Leader of Conspiracy Trafficking Fentanyl, Heroin, Cocaine Sentenced to 21 Years in Prison
BIRMINGHAM – A federal judge today imposed a nearly 21-year sentence on the leader of a Birmingham-based conspiracy to distribute multiple kilograms of fentanyl, heroin and cocaine in Jefferson County in 2015 and 2016, announced U.S. Attorney Jay E. Town and Drug Enforcement Administration Assistant Special Agent in Charge Bret Hamilton.
ANTHONY LEVY “Amp” WARD, 37, of Chelsea, is the eighth of nine defendants sentenced in the case. The final defendant, JOSE AGUSTIN GUTIERREZ, 32, of Phoenix, Ariz., is scheduled for sentencing May 22.
U.S. District Judge L. Scott Coogler sentenced Ward to 20 years and 10 months in prison on multiple counts of conspiracy to distribute or possess with intent to distribute at least a thousand grams of heroin or at least five kilograms of cocaine and two counts of attempted possession with intent to distribute fentanyl. He also sentenced Ward on multiple counts of using a telephone to commit a drug trafficking crime, one count of carrying a firearm in furtherance of drug trafficking, and being a convicted felon in possession of a firearm. Ward pleaded guilty to the charges last year.
“A tiny fraction of a gram of fentanyl can be lethal and Ward was found with 17,000 pills cut with this illicit narcotic,” Town said. “It was his intent to make this poison available to an alarming number of people, which could have resulted in an equally alarming number of fatal and non-fatal overdoses. Judge Coogler’s sentence today justly sends the message that the death and destruction of this criminal behavior will not be tolerated, will not be excused, and will be severely punished.”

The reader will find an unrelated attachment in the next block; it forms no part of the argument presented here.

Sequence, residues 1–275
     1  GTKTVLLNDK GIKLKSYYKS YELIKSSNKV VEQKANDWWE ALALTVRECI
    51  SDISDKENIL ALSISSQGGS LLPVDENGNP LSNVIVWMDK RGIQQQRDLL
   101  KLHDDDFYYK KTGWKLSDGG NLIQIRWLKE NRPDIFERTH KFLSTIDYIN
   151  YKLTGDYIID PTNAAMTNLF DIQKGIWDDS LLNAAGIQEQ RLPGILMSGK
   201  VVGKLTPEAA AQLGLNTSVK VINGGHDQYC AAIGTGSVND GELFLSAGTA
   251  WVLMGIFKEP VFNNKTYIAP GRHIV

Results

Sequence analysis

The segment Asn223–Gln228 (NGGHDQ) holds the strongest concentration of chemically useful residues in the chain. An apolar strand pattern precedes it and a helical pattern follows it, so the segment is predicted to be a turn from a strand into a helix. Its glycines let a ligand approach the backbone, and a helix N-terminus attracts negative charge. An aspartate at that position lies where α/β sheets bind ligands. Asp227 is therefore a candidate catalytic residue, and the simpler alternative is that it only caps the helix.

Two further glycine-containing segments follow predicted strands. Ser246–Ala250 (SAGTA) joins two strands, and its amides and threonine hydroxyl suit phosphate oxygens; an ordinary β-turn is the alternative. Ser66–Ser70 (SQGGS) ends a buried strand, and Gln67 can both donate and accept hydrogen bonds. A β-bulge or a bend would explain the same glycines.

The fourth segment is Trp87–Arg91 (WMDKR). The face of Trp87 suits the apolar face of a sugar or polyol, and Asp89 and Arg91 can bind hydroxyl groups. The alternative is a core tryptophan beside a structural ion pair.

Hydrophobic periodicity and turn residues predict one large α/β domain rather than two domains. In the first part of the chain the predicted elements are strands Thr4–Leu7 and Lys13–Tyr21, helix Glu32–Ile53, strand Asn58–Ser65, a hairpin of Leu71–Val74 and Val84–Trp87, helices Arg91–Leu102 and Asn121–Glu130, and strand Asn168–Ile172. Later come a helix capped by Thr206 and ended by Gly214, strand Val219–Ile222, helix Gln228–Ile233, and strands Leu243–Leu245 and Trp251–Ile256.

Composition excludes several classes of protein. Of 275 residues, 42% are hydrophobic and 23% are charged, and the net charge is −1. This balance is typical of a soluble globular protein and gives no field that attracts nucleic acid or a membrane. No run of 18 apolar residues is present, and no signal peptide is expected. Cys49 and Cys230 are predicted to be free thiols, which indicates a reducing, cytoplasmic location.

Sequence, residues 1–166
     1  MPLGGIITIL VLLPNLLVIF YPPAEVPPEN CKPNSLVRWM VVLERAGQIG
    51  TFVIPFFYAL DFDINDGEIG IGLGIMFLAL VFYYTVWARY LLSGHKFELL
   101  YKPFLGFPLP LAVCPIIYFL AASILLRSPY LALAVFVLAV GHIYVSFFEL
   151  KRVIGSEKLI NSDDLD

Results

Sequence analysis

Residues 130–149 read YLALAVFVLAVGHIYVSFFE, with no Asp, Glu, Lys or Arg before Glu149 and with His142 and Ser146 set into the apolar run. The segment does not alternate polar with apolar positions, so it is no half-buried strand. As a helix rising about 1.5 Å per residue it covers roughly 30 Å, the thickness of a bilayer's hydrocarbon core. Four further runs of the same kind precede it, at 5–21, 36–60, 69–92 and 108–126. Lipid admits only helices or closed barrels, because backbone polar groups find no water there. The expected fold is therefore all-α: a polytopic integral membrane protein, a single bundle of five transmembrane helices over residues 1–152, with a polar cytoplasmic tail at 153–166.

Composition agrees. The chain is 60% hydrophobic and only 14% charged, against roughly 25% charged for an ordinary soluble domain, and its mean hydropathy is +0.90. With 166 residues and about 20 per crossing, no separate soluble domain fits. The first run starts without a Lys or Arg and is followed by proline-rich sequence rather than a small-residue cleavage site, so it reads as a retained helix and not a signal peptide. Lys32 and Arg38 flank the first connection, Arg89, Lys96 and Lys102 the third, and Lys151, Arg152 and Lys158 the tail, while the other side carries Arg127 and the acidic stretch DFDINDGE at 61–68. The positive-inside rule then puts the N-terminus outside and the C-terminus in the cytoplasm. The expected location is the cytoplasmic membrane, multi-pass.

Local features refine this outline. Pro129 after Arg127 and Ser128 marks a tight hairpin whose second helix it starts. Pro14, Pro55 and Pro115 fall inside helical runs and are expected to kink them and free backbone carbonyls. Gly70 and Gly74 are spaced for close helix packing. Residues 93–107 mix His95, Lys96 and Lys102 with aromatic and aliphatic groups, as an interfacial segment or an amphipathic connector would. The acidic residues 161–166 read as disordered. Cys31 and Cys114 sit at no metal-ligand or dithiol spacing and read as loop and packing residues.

“For years, Anthony Ward has distributed poison in the form of cocaine, heroin and fentanyl to individuals in the Birmingham area,” Hamilton said. “There is no telling how many families have been destroyed by Ward’s actions. But with this sentence, the residents of Birmingham have one less drug dealer to worry about for years to come. I hope that those who looked up to ‘Amp’ will see the futility in the life Ward has lived thus far. Otherwise, DEA will not hesitate in giving them the opportunity to live in federal prison, too.”
The amount of fentanyl trafficked in the conspiracy was about 7.1 kilograms, or more than 350,000 doses of the drug.
Ward and the other defendants in the case are responsible for paying a $1.7 million judgment in the case as proceeds of illegal activity.
Throughout the investigation, agents seized 8.8 kilograms of cocaine intended to be delivered to Ward from Arizona, and 4.662 kilograms of pure fentanyl delivered from Mexico. Agents seized 254.9 grams of pure fentanyl from China that Ward had mailed to an address, other than his own, in the Birmingham area.
Besides Ward and Gutierrez, other defendants convicted in the conspiracy are: Anthony Levy Alexander, 58, and Betty Levy Alexander, 51, Ward’s father and aunt, Ferlando Carmise Mims, 20, Onandas Carmece Beard, 20, and Corey Darnelle Haynes, 38, all of Birmingham, and Jesus Ubaldo Montoya, 24, and Marahai Ardizo Enriquez, 26, both of Phoenix. The sentences for the seven previously sentenced defendants range from about two to 15 years in prison.
The DEA investigated the case in conjunction with the Birmingham and Hoover police departments and the U.S. Marshals Service. The U.S. Attorney’s Office for the Northern District of Alabama prosecuted the case.